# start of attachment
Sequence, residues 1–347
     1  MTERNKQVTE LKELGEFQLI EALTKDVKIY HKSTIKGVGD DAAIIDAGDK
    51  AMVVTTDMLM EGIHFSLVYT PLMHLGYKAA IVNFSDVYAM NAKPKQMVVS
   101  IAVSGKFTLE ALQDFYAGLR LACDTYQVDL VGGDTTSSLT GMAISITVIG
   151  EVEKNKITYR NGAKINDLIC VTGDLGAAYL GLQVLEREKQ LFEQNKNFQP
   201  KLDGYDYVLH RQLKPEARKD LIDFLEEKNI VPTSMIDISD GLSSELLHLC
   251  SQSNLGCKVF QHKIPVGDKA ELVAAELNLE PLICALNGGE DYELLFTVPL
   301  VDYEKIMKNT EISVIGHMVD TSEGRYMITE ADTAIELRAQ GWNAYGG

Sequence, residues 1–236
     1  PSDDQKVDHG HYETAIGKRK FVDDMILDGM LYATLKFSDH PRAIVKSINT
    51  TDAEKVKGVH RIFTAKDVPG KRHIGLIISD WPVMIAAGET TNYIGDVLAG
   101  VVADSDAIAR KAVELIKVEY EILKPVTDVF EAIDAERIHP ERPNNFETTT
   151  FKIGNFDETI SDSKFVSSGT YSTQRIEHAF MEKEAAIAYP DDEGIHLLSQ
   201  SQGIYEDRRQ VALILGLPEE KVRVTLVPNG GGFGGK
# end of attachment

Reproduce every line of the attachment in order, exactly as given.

Sequence, residues 1–347
     1  MTERNKQVTE LKELGEFQLI EALTKDVKIY HKSTIKGVGD DAAIIDAGDK
    51  AMVVTTDMLM EGIHFSLVYT PLMHLGYKAA IVNFSDVYAM NAKPKQMVVS
   101  IAVSGKFTLE ALQDFYAGLR LACDTYQVDL VGGDTTSSLT GMAISITVIG
   151  EVEKNKITYR NGAKINDLIC VTGDLGAAYL GLQVLEREKQ LFEQNKNFQP
   201  KLDGYDYVLH RQLKPEARKD LIDFLEEKNI VPTSMIDISD GLSSELLHLC
   251  SQSNLGCKVF QHKIPVGDKA ELVAAELNLE PLICALNGGE DYELLFTVPL
   301  VDYEKIMKNT EISVIGHMVD TSEGRYMITE ADTAIELRAQ GWNAYGG

Sequence, residues 1–236
     1  PSDDQKVDHG HYETAIGKRK FVDDMILDGM LYATLKFSDH PRAIVKSINT
    51  TDAEKVKGVH RIFTAKDVPG KRHIGLIISD WPVMIAAGET TNYIGDVLAG
   101  VVADSDAIAR KAVELIKVEY EILKPVTDVF EAIDAERIHP ERPNNFETTT
   151  FKIGNFDETI SDSKFVSSGT YSTQRIEHAF MEKEAAIAYP DDEGIHLLSQ
   201  SQGIYEDRRQ VALILGLPEE KVRVTLVPNG GGFGGK